Take the Bull Markets When You Get Them
In 2009, I watched one of my colleagues make an enormous mistake. He believed, fervently, that deflation was looming. In spite of the data, he stuck to his philosophy. He kept himself out of the market … and missed a once-in-a-lifetime opportunity.
I took a firm lesson from his mistake: Take the bull markets whenever and wherever you get them. I always follow the data. Philosophy is fine up to a point, but when you ignore big profits from sheer bullheadedness … that’s a problem.
That’s why I’m going to discuss the bull market in lithium.
I’ll admit, I was a lithium skeptic for a long time. I pooh-poohed electric cars for years. Don’t get me wrong, lithium is a useful metal. It’s in polymers, medicine, grease, glass and ceramics. For most of this decade, only about 36% of its production went into batteries.
Lithium comes in several different forms, such as spodumene ore, lithium hydroxide and lithium carbonate, which each have a different price. That makes it difficult to figure out its value … which makes it difficult to value the mining companies that produce it.
The Electric Revolution Is Coming
Lithium is a “problem child” in the metals space. It doesn’t have a futures market. Prices are set between producers and suppliers, so each deal is different.
It’s also a “fad metal” like the rare earths. It’s easy to get caught up in the lithium hype because the story is so good. I once had a guy explain to me why petroleum was obsolete thanks to lithium. (We were driving in his Toyota Tundra at the time. He missed the irony…)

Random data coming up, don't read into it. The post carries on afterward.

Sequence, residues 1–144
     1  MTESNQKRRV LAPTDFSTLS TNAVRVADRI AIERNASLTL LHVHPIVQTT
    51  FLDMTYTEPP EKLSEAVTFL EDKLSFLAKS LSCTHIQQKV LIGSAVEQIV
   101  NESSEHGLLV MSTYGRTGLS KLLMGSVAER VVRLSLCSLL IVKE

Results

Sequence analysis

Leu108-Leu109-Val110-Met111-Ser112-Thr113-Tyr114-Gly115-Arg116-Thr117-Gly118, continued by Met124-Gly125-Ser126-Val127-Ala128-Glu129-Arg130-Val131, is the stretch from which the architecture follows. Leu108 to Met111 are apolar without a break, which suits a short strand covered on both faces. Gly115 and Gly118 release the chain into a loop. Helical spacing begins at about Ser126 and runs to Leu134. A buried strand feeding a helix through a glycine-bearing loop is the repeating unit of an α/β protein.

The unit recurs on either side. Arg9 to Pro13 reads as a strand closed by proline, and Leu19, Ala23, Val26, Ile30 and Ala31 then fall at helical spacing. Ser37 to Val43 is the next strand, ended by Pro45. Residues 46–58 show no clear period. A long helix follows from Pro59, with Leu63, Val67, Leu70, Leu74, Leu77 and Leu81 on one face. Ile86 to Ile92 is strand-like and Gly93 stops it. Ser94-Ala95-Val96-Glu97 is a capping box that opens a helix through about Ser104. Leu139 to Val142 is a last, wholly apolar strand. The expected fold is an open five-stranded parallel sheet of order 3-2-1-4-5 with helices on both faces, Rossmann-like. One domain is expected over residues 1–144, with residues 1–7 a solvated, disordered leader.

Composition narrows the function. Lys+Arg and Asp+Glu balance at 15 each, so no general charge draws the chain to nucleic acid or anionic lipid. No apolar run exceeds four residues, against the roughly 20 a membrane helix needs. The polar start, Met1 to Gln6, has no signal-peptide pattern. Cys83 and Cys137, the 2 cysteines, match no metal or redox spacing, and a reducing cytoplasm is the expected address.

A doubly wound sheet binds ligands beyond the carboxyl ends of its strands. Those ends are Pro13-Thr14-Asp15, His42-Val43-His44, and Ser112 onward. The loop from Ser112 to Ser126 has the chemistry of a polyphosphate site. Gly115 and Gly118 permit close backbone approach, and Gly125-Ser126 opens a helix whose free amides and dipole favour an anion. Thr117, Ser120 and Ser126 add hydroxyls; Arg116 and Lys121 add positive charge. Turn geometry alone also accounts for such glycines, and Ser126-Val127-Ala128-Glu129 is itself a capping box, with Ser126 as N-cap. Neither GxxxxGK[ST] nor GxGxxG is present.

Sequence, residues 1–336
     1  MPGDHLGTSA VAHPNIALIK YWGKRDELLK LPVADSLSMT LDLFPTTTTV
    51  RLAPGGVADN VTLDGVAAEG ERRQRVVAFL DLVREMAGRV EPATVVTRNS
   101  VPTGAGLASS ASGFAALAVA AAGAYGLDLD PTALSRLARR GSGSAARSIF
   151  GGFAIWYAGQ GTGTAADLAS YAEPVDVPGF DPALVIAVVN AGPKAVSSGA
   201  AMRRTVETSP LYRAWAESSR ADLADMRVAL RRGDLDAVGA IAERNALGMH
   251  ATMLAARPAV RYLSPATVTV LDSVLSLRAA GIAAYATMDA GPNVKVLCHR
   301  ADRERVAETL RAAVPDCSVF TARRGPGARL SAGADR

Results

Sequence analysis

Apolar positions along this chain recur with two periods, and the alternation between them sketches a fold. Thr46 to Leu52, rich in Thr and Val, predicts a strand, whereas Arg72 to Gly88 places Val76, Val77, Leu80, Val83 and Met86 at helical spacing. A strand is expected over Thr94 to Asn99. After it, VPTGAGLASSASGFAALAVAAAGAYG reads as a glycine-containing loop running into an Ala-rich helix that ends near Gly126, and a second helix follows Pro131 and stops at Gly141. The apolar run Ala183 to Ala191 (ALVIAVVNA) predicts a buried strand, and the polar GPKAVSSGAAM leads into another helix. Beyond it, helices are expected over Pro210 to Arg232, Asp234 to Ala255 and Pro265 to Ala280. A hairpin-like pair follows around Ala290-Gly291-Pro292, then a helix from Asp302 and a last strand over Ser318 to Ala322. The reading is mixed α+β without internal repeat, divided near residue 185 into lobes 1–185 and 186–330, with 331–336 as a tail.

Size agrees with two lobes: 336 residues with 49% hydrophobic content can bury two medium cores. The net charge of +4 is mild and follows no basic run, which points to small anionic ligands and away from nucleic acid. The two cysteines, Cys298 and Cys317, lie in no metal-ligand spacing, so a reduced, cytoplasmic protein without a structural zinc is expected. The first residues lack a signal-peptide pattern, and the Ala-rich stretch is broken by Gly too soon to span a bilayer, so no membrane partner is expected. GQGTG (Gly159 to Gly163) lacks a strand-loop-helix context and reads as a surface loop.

Back then, electric cars had short legs: a 100-mile range and long charging periods. I couldn’t see how a car that had to sit for hours to charge was going to replace conventional vehicles. Now I see chargers in almost every city I visit. So, the guy was right, in part. Electric cars are coming to cities for sure … and that’s why lithium is in a bull market.
You see, lithium offers high-performance batteries. We’ve all owned lithium batteries if we’ve owned any cordless tools. Lithium-ion batteries are among the best-performing batteries available.
However, supplying lithium batteries for cellphones, watches and cordless drills isn’t a huge market. Electric cars, on the other hand, is a massive market. A car uses about 4,500 times the amount of lithium that a cellphone uses. According to analysts at Citigroup, electric vehicles consumed 15,000 tons of lithium in 2015. By 2025, the car industry will consume 136,000 tons.
Tesla’s Gigantic Gigafactory
Battery maker Tesla (I know it makes cars too, but it really makes batteries) is driving this uptrend as well. Its Gigafactory outside Sparks, Nevada, will be a huge new source of lithium demand. In 2018, Tesla plans to double the world’s lithium battery production. And as Profits Unlimited Editor Paul Mampilly often writes about, Tesla’s Model 3 is going to be the first true mass-market electric car.
That’s a massive change in demand. Mining companies with the capacity to produce more lithium are soaring in value.
This chart shows the performance of Sociedad Química y Minera de Chile SA (NYSE: SQM). It is best known for mining potassium for fertilizers. However, more recently, it increased its lithium production. As you can see, shares are soaring:
In 2013, SQM generated just 8% of its revenue and 12% of its net income from lithium. That has grown steadily since. In the first quarter of 2017, SQM generated 29% of its revenue and 60% of its net income from lithium. It generated more net income from lithium in the first quarter than it did in all of 2013 or 2014.
SQM is the best lithium play out there. There is also an exchange-traded fund (ETF) that covers the whole lithium battery space — the Global X Lithium & Battery Tech ETF (NYSE Arca: LIT), which holds about 13% of its funds in SQM.
Regardless of how you play it, you should own some lithium. This bull market will continue through 2017 and well into 2018. Regardless of how you feel about electric cars, if you want to make money … get on board.
Editor, Real Wealth Strategist